Philip Edward BRAILSFORD (1869-1950)
Philip Edward Brailsford (1869-1950) worked as gardener for the Sladden family.
Philip was born at Barlborough, Derbyshire, on 9th December 1869, the third of seven children of Henry and Mary Brailsford, but the only son. His father, Henry, was an Estate Agent and for some years worked for Lord Curzon of Scarsdale. By 1891 the family had moved to Quarndon, Derbyshire; the family lived at Park Nook and employed two servants.
Philip’s father had high expectations for his son. In 1891 Philip was described as an architect’s pupil. According to Philip’s granddaughter, the story goes that Philip was articled to be a Land Agent, but he did a bunk and ended up at Evesham Station. He found his way to Elmley Castle where he met Alice, a servant girl. They fell in love and had a son, Malcolm Henry (1899-1986), who was registered with the surname of Taylor, but later took the name of Brailsford. Philip was living in Elmley Castle in 1901, lodging with Edwin and Eliza Gregg and working as a poultry man. One-year-old Malcolm was staying with his grandparents, Charles and Matilda Taylor, in Elmley Castle, but Alice’s whereabouts are unknown.
Philip and Alice married in the Pershore district later in 1901. They were living in Evesham when a second son, Thomas Edward (1904-1969), was born. By November 1904 they had moved to Badsey when Malcolm enrolled at Badsey Council School. Philip and Alice went on to have six more children born in Badsey: Janet Mary (1909-1909), George Monsell (1910-2006), Henry Forrest (1913-1986), Philip James (1915-1918), Margaret Kate (1918-1990) and Rhoda Eleanor (1920-1999). According to the 1911 census, Alice had given birth to four children who had died, but only Janet appears to have been registered.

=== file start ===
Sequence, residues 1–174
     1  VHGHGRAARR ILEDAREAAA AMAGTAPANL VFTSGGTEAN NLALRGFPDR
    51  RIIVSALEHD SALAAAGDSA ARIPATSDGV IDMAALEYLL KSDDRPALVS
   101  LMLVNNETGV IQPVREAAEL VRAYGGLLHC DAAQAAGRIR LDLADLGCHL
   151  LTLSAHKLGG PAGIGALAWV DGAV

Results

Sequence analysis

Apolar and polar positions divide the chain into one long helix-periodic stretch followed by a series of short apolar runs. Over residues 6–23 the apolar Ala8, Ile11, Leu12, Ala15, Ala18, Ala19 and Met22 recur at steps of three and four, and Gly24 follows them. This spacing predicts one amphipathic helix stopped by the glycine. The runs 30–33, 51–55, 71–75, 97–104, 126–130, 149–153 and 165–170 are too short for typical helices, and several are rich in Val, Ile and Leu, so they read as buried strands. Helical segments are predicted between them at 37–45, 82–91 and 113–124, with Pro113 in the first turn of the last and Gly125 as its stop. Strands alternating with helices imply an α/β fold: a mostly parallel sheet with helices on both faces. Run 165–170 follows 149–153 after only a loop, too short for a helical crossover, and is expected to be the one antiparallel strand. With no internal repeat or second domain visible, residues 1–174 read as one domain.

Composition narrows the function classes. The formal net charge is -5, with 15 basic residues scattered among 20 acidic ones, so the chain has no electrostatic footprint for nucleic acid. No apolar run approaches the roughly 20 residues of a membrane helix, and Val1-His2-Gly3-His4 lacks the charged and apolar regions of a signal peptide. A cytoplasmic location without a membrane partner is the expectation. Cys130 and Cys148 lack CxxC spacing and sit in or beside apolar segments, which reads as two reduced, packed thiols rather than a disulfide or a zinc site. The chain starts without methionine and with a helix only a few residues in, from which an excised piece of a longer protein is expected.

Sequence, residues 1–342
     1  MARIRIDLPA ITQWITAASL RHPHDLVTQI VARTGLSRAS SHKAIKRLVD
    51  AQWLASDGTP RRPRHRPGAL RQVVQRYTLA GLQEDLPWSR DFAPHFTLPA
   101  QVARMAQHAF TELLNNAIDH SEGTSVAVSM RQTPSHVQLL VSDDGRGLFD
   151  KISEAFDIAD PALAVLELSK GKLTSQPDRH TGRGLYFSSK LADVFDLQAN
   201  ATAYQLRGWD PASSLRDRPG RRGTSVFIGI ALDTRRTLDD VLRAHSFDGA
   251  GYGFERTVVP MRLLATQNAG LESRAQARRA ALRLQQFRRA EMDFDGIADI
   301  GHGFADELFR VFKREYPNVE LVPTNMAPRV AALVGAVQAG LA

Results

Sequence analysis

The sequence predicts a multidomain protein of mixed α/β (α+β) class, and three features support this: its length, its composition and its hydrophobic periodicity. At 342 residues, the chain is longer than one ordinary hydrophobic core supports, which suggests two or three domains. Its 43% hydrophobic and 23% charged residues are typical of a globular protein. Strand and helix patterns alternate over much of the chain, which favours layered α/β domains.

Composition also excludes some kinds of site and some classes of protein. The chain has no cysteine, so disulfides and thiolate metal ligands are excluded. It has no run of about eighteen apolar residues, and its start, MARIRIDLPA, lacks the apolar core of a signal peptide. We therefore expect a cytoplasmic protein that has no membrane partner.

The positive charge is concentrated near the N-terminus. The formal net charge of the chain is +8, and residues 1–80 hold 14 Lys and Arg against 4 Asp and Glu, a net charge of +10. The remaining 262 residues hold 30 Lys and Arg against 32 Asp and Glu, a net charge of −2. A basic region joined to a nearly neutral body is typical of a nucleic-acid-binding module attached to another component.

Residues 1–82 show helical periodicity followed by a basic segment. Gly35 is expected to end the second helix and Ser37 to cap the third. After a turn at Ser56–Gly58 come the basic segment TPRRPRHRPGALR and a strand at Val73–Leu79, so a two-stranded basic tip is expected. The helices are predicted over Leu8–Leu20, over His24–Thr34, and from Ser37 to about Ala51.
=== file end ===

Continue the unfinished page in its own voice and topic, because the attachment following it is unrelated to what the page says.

The Brailsfords lived firstly at what is now No 25 Brewers Lane, Badsey. In about 1913 they moved a few houses along to Tower View (now a detached house but then a semi-detached house with them living in the left-hand half).
Philip is mentioned in a number of the Sladden letters. On the outbreak of war, Julius Sladden, who was in Kent at the time, reveals in a letter to Eugénie, that he had written to Brailsford to say that he hoped the young men of Badsey would enlist (Philip was too old and his sons not old enough, but one assumes that Julius felt he had influence amongst the men of the village). In November 1914, Mela Brown Constable was very touched by the thought that Brailsford had saved the last two roses for her, which May and Ethel Sladden took as a gift when they went to visit. A letter of 20th January 1915 reveals that Philip went with two of the Belgian refugees to a play in Evesham – Eugénie speculated as to how they would get on together, as there would have been a language barrier.
Whilst Philip appears to have been a trusted and respected employee, there are references to a drink problem, as indicated in a letter written by Ethel Sladden on 30th September 1915. A letter from Mela Brown Constable on 6th July 1916 revealed that he had at last given up drinking and was a changed man.
In a letter of 2nd August 1915, Mela refers to Brailsford having another son, his fifth son; she told him he must make some of them soldiers or sailors when they grew up. This was Philip James Brailsford, born in July 1915, who was sadly to die three years later of belladonna poisoning (belladonna was grown for medicinal purposes in a field close to their house in the First World War). Young Philip’s brother, Jim (George Monsell), had vivid memories of seeing his brother laid out after his death in cotton wool, his face bright purple, the same colour as the berry.
Philip and Alice remained at Tower View for the rest of their lives. Philip died on 28th October 1950, aged 81, pre-deceasing his wife by just over ten years. Philip and Alice had been tenants at Tower View, but their son, Jim, took the opportunity to buy it in 1960, remaining there until moving into a home in about 2001 whereupon the house was sold.